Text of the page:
When most people think of Moab, Utah, they imagine red rock landscapes the likes of which you see in some of the best westerns. Indeed, many great movies, TV shows and commercials, featuring the rugged scenery of the great American West, have been and continue to be made here, It is the land of two wonderful national parks:  Arches and Canyonlands. But those in-the- know—and especially those that have traveled to the sweetest spots of Moab along the banks of the Colorado River—are aware that there’s many an oasis within this russet-red land.

Surely one of the most lush, the greenest piece of well-irrigated earth—long ago homesteaded by adventuresome settlers—makes up the Sorrel River Ranch Resort & Spa, a veritable paradise where fine living meets the great outdoors. I first stayed here nearly eleven years ago, shortly after the ranch was transformed into an elegant resort and here I am happy to find myself once again. It’s the kind of place you want to settle into for an entire week, but sadly I’m just passing through. Who ever said the life of a travel writer is marked by long periods of rest and relaxation?

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Sultry Summer Evenings at Durango’s Rochester Hotel

The Rochester Hotel & Bar in Durango, Colorado

It’s been feeling like summer around here in southwestern Colorado and there’s no rain in the forecast (sadly since we really do need the moisture). But it’s a great time for enjoying the outdoors, day and night.

Courtyard at The Rochester

Our nicest mountain towns put on summer concerts in unparalleled settings throughout the summer, although most of these happenings don’t begin until July. In Durango, however, you can get a jump on these memorable musical evenings by attending one of the Wednesday June concerts hosted in the courtyard of The Rochester Hotel. Their lineup kicks off tonight with the oh-so talented (and oh-so cute!) Alex Maryol, the soulful Santa Fe bluesman. Happy hour begins at 4 p.m., music from 5:30-7:30 p.m.

The courtyard at The Rochester will be sizzling with musical events every Wednesday in June. Click here for the complete schedule. There you’ll also see other doings announced such as art exhibitions and special parties. To me, The Rochester Hotel & Bar rates as one of the most fun and dynamic places of lodging in this fiery Western town. I’ve always found their courtyard to exude a sultry feel, so I’m sure this is a great place to spend a warm Rocky Mountain evening. Keep in mind, too, that Durango’s temps soar higher than those of Telluride, Aspen and Vail, so partying in the town’s numerous outdoor venues is a huge part of their summer scene.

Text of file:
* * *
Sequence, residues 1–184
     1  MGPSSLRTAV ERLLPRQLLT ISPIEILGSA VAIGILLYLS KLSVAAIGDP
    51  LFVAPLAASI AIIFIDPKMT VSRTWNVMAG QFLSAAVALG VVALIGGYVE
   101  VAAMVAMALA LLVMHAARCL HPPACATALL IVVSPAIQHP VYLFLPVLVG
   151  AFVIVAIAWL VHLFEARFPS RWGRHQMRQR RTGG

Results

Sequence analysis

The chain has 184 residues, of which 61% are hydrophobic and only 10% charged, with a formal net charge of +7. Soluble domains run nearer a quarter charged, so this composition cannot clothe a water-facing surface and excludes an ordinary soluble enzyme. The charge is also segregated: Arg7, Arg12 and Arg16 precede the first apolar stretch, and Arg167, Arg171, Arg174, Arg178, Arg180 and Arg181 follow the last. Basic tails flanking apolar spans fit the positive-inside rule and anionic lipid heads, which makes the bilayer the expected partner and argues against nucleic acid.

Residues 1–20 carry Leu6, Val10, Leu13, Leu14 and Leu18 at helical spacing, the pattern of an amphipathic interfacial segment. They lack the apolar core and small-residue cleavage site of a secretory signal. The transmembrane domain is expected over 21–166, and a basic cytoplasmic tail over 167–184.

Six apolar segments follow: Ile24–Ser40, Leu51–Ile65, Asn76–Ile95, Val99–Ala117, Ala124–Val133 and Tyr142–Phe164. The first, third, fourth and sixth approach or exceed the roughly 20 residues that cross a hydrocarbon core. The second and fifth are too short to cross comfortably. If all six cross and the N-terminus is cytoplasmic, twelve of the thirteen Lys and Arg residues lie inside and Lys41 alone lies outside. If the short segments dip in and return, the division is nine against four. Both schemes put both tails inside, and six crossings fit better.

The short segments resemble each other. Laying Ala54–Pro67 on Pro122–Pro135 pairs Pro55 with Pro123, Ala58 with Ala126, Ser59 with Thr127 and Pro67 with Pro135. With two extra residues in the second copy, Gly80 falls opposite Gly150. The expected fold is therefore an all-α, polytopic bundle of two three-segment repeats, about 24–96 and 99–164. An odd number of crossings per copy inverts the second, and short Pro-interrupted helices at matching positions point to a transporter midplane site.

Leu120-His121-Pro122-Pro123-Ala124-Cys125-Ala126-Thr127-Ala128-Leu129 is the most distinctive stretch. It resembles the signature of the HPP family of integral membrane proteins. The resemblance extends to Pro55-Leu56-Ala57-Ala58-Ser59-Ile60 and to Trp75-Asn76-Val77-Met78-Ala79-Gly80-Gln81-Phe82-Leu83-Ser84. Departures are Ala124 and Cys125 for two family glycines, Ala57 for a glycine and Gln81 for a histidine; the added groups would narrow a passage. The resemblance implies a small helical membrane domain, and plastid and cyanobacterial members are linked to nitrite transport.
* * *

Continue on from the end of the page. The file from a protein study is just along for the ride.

And if you love old westerns, definitely plan a stay or at least a good look around at The Rochester. For more about this lovely hotel and this bastion of western movie-making tradition, read Durango, the San Juan Skyway and the Western Movie Culture of the Four Corners Region According to Fred Wildfang. There you’ll also hear writer and historian Frederic B. Wildfang talk about this terrific destination of the West and the outlying area.

Note that The Rochester Bar is open Wednesday, Thursday and Friday from 4 to 7 p.m. You can find The Rochester at 726 E 2nd Avenue in Durango, just one block up from main street; tel.:  970-385-1920.

Alex Maryol at The Rochester Hotel Courtyard

Strater Hotel: the Grande Dame of Durango, Colorado

Strater Hotel in Durango Backdropped by a Quintessential Colorado Blue Sky

If you’ve read some of my posts on my blog and/or if you’re familiar with my books on France, you likely know by now that I love hotels. Historic hotels in particular move me. I’m a big fan of experiencing these bastions of history and tradition during one’s travels, whether it’s to pop in for a drink or to stay a few nights. No matter how you choose to discover these landmark properties, a visit to them allows you to soak up the spirit of the place for either a brief moment or a more luxurious stay. The world is peppered with such places of lodging, steeped in history, that folks have been enjoying in many cases for more than a century. I encourage my readers to seek them out at every turn because it’s often within their splendiferous interiors that we gain the true essence of the place we’re visiting; it’s here we’re able to peer into the past while embracing the present.

In most cases, these fine establishments serve as the cornerstones of the cities and towns we love to visit. Many were built during the golden era of that destination in an effort to express to the world all that the town had achieved, all that the community was becoming. Erecting a notable place of lodging for business and leisure travelers alike was a sure-bet way of putting a destination on the map in addition to providing the right conditions for welcoming visitors in a more dignified and glorious manner.